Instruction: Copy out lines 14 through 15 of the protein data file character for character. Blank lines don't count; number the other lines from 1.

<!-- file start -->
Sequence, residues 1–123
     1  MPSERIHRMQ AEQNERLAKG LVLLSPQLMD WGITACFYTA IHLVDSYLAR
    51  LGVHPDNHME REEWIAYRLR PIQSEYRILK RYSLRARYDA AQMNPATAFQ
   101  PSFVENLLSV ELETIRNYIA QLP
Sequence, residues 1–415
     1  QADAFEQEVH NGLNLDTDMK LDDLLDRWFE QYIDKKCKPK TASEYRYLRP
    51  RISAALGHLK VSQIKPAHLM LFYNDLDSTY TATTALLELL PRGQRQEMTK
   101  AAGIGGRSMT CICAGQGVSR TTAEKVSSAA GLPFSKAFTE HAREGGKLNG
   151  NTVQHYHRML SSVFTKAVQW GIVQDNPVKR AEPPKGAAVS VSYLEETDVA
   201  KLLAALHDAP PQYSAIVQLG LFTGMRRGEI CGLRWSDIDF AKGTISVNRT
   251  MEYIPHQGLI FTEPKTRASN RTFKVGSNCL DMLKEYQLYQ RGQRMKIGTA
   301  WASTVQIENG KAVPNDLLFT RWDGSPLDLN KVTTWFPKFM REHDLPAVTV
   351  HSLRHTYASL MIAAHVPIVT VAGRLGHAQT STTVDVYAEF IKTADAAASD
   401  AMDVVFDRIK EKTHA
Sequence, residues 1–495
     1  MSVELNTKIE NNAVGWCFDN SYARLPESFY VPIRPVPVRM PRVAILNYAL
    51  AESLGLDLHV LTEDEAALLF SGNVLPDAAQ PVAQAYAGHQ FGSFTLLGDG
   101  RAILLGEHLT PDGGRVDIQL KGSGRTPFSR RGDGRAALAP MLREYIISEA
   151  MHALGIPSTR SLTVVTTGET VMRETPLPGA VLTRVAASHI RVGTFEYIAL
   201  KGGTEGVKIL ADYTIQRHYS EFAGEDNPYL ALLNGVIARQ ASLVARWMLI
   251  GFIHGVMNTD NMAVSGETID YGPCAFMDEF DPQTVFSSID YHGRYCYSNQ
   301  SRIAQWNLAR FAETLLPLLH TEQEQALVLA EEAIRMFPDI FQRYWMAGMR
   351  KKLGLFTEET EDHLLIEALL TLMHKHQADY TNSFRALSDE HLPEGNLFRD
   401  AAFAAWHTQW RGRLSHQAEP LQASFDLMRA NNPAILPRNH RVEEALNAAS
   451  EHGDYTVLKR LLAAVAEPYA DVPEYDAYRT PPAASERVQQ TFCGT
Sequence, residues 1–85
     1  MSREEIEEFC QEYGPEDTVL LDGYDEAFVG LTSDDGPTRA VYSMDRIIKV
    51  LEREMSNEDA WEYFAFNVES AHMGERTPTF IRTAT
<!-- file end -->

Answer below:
   401  AMDVVFDRIK EKTHA
Sequence, residues 1–495